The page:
Development of a Questionnaire for Measuring the Quality of Personal Care in Patients Undergoing Radiotherapy for Prostate Cancer
Foley, Kimberley A.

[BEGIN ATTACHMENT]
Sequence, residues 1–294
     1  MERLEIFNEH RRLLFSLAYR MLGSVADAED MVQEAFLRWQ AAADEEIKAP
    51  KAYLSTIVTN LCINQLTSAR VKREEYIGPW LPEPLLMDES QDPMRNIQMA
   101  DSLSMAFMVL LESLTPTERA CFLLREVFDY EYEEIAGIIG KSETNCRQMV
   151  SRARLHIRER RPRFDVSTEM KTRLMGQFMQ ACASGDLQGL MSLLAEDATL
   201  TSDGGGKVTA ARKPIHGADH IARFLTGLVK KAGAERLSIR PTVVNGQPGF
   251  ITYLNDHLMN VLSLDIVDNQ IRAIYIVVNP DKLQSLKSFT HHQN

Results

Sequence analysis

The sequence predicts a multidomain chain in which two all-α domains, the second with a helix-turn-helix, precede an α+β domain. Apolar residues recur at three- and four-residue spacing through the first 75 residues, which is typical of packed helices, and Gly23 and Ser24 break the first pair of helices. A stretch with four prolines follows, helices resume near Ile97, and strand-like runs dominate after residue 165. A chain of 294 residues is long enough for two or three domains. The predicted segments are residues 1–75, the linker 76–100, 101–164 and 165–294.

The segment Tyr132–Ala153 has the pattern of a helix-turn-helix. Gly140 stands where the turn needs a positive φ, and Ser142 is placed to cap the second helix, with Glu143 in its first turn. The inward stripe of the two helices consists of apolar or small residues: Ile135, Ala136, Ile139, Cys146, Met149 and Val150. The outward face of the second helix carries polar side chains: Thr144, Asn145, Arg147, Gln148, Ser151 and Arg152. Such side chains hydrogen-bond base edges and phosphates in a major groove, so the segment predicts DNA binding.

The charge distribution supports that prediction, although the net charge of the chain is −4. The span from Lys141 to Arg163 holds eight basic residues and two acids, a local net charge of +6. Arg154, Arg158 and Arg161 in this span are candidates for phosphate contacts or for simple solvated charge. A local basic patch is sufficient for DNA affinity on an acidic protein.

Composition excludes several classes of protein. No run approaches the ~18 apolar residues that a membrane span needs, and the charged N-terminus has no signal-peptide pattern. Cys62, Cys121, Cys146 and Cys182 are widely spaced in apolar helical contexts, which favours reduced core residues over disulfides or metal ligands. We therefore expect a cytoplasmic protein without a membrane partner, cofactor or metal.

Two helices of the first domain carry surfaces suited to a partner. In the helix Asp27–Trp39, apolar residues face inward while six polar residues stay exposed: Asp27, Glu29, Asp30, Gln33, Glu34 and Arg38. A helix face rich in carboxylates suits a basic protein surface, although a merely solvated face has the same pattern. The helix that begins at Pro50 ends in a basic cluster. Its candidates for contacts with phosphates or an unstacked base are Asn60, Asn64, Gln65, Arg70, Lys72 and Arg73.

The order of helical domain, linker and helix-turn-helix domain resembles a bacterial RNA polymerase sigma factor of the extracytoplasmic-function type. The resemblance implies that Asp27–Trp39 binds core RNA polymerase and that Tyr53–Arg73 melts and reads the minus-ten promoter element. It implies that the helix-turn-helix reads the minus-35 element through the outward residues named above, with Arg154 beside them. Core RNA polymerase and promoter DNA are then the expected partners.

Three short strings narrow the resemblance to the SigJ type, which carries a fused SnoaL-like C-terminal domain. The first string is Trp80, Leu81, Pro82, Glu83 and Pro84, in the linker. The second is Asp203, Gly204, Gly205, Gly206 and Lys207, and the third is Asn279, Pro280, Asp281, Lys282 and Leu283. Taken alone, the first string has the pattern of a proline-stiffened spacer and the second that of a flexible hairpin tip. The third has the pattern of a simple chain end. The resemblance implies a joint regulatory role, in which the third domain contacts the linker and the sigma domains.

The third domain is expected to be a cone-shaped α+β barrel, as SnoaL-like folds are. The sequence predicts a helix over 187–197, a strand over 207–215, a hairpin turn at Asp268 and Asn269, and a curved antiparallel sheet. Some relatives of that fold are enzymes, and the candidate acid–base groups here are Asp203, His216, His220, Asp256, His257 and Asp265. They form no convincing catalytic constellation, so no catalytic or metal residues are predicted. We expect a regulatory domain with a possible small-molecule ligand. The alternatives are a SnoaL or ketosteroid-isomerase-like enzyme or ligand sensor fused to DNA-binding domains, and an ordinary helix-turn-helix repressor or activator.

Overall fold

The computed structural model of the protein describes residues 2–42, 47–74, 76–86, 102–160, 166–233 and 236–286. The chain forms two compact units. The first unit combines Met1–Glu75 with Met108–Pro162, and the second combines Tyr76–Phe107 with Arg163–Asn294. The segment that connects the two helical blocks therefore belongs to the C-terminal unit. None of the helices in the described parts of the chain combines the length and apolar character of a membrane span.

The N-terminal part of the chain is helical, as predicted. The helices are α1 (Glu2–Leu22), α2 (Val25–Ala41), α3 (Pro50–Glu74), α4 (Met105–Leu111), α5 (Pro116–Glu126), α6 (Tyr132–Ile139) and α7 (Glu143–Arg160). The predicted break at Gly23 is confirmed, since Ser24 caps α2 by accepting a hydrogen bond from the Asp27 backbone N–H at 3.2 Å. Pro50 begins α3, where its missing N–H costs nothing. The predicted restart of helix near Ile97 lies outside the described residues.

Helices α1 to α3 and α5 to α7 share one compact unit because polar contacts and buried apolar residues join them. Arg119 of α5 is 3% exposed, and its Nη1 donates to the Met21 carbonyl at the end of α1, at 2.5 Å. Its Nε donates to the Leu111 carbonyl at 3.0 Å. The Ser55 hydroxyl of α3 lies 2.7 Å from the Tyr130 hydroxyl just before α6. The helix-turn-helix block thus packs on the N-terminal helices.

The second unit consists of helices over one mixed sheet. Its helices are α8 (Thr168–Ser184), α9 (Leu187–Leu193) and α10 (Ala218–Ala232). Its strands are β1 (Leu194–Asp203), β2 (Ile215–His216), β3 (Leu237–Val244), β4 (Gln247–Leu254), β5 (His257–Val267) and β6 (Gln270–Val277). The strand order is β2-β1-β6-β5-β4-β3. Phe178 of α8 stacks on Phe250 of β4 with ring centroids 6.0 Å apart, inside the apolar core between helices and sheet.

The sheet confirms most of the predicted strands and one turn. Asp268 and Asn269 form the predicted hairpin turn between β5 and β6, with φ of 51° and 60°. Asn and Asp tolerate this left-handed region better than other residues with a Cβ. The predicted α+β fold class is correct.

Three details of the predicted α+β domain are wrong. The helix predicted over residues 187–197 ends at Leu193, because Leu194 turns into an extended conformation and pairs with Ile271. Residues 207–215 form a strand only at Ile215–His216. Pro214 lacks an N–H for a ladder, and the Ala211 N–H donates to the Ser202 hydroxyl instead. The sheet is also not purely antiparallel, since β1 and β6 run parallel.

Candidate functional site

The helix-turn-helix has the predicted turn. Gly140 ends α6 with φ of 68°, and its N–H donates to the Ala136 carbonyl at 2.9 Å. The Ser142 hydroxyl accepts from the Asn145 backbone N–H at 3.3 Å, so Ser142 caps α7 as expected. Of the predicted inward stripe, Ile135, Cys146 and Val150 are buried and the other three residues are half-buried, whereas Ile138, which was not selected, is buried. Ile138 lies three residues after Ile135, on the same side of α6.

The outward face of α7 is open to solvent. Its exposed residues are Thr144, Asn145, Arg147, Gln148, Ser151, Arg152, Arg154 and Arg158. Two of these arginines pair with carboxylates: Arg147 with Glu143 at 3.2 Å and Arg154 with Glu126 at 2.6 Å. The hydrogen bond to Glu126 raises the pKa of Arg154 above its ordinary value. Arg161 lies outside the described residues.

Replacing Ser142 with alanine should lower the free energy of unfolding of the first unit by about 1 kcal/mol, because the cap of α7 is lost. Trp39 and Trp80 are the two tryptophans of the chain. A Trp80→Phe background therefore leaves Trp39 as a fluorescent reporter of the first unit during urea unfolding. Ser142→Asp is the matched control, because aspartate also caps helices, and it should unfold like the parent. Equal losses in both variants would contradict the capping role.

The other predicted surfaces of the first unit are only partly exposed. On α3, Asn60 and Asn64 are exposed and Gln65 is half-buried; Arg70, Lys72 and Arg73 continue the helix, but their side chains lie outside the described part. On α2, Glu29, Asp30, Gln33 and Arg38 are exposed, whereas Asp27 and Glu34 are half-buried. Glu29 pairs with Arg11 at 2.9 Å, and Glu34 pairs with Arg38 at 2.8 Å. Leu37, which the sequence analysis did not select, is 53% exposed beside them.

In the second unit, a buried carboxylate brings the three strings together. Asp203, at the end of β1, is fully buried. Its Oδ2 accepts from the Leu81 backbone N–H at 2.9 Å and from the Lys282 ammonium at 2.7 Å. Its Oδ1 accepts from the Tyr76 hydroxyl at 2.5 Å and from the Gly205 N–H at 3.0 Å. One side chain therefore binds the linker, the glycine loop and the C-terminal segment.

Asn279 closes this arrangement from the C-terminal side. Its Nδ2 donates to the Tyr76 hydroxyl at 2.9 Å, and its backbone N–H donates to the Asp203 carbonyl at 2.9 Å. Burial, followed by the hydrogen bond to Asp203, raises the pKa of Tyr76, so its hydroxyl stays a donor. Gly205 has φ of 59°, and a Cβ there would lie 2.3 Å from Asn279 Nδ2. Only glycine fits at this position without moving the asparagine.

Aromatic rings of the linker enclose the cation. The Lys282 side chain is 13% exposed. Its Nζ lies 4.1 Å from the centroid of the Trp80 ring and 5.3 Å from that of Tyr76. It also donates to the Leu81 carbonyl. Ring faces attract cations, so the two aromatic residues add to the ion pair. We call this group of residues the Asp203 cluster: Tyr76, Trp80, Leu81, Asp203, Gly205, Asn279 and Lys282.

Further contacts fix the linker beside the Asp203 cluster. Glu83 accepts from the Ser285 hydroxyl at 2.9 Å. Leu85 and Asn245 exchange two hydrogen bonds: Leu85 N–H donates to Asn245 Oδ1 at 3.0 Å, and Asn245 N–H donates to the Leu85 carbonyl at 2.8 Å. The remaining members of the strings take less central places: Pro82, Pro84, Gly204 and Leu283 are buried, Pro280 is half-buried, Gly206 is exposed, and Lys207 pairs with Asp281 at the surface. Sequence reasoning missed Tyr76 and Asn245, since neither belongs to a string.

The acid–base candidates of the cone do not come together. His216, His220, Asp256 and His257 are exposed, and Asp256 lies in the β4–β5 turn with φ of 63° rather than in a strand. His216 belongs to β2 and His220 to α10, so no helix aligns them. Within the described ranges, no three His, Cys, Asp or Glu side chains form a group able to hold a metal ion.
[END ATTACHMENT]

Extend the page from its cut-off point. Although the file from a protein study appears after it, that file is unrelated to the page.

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Background: Quality of patient care includes both technical and non-technical elements of care, referred to as personal care. Previous work has focused on assessing the quality of technical care in prostate cancer radiotherapy, but little work has been done to assess the quality of personal care. Purpose: The purpose of this project was to create a self-administered questionnaire to measure the quality of personal care for patients undergoing radiotherapy for early-stage prostate cancer. Methods: Dimensions and candidate indicators of the quality of personal care were identified through a comprehensive literature search. The indicators were assigned to dimensions and then arranged into steps in the radiotherapy care continuum. A questionnaire was constructed using the indicators to assess patients’ views about the quality of their care as well as the importance of each indicator. Cognitive interviews were conducted with four health care professionals and eight patients to determine the clarity, comprehensiveness and appropriateness of the questionnaire. The questionnaire was then pilot tested on patients undergoing radiotherapy for early-stage prostate cancer. Results: A total of 176 indicators of the quality of personal care were initially identified representing 10 dimensions of care. Cognitive interviews identified problems with the questionnaire primarily related to the clarity and redundancy of the indicators and the appropriateness of the response categories. To reduce burden, the questionnaire was divided into three modules, corresponding to appropriate steps in the continuum of care. Each module was pilot tested on at least 10 patients with an overall response rate of 84%. Most patients responded to all indicators on the questionnaire without difficulty and without distress; however patterns of missing responses indicate a few particular indicators need revision. The results suggest that the design of the questionnaire is appropriate since patients seem to be using the range of response options that are offered. Conclusions: The results suggest that this questionnaire is feasible to administer in a clinic setting and that it does not place a large burden on patients.